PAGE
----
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Breakthrough from scientists in Cork shows flying reptiles had feathers over 200 million years ago

The discovery has been hailed as shifting our knowledge concerning the origin of feathers.

Reconstruction of the studied Daohugou pterosaur
Reconstruction of the studied Daohugou pterosaur
Image: Yang Zhang

UNIVERSITY COLLEGE CORK researchers have made a discovery that has shifted our knowledge about the origin of feathers back about 70 million years.

Flying reptiles called pterosaurs – who lived alongside dinosaurs from 230 to 66 million years ago – had at least four types of feathers according to a new study led by UCC’s Dr Maria McNamara and scientists from China’s Nanjing University.

Pterosaurs predate birds but it had long been thought that they had a furry covering that was thought to be fundamentally different to the feathers of dinosaurs and birds.

In the study published today in Nature Ecology and Evolution, however, the researchers say that these “pycnofibres” are indeed similar to the feathers of dinosaurs.

Dr McNamara said: “Some critics have suggested that there is only one simple hair-like type of pycnofibre, but our studies show different structures that we also see in dinosaurs – real feathers.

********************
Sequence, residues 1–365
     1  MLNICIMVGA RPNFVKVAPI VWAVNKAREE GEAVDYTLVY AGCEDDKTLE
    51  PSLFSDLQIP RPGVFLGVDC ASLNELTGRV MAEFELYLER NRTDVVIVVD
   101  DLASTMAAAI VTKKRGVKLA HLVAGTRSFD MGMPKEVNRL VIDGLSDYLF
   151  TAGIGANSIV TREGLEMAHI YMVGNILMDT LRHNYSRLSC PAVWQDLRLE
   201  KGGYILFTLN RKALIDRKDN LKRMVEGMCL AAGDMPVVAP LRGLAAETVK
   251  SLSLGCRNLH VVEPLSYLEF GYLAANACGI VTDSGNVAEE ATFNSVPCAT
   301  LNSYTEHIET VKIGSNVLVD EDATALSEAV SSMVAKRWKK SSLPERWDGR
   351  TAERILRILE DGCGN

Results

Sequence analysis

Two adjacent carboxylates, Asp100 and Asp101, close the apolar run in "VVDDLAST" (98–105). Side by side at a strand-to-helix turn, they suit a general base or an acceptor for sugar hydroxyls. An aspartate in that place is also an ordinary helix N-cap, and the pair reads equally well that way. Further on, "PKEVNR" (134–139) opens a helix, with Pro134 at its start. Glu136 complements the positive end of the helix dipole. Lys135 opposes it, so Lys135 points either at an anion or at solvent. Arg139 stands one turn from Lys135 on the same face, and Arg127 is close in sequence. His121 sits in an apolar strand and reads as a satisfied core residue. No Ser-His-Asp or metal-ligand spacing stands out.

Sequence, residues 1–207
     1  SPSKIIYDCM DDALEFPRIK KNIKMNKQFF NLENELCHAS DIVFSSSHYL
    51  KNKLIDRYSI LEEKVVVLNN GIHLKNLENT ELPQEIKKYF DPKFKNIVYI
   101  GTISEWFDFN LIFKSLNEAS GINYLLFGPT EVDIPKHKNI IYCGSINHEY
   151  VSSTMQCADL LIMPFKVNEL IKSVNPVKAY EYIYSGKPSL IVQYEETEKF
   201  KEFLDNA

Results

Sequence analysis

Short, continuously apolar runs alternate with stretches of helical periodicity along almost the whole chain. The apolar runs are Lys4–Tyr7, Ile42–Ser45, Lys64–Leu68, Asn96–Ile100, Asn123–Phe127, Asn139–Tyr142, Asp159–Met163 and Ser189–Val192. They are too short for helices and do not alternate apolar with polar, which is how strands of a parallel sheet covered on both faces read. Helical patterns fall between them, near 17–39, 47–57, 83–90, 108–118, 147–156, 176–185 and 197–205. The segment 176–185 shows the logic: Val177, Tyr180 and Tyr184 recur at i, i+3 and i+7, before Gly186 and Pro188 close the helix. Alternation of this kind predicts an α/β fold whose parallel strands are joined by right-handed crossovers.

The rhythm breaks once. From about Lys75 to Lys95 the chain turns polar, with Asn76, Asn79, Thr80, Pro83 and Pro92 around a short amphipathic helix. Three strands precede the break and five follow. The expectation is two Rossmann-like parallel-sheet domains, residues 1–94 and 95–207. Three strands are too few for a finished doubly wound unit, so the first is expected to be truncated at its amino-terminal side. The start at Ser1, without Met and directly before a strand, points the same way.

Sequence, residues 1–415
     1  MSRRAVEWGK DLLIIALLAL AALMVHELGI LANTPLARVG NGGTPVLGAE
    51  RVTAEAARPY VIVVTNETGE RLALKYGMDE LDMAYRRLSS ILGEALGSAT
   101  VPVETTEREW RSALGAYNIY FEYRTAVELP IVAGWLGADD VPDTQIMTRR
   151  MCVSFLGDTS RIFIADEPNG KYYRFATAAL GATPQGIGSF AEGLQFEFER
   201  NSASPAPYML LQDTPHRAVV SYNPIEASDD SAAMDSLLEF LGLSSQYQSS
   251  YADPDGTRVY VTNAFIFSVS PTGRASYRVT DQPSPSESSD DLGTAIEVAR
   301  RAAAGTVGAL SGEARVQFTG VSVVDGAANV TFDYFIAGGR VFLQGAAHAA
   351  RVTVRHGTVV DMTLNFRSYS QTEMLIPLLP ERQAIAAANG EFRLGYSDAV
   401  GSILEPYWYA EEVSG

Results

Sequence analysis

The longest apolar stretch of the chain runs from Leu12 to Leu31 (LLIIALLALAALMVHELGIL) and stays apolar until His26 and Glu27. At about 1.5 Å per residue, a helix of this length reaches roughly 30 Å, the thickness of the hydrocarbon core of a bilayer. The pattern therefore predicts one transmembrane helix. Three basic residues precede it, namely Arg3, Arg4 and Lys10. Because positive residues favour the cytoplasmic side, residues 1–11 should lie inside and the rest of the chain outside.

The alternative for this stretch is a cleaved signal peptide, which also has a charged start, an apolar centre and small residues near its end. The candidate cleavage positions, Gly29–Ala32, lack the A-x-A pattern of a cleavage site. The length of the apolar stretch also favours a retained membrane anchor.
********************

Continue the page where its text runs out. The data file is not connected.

We focused on areas where the feathers did not overlap and where we could see their structure more clearly. They even show fine details of pigment granules, which may have given the fluffy feathers a ginger colour.

She said that this discovery has “amazing implications for our understanding of the origin of feathers”, as well as a major time of revolution. 

The ancestors of mammals and dinosaurs were beginning to walk up right about 250 million years ago as life was beginning to recover from the mass extinction during the end-Permian period. 

Dr McNamara explained that these creatures would have developed feathers to help insulate them.

The researchers said: “The hunt for feathers in fossils is heating up and deciphering their functions in such early animals forms a critical part of the puzzle.

It could rewrite our understanding of a major revolution in life on Earth during the Triassic, and our understanding of the genomic regulation of feathers, scales, and hairs in the skin.  

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Sean Murray

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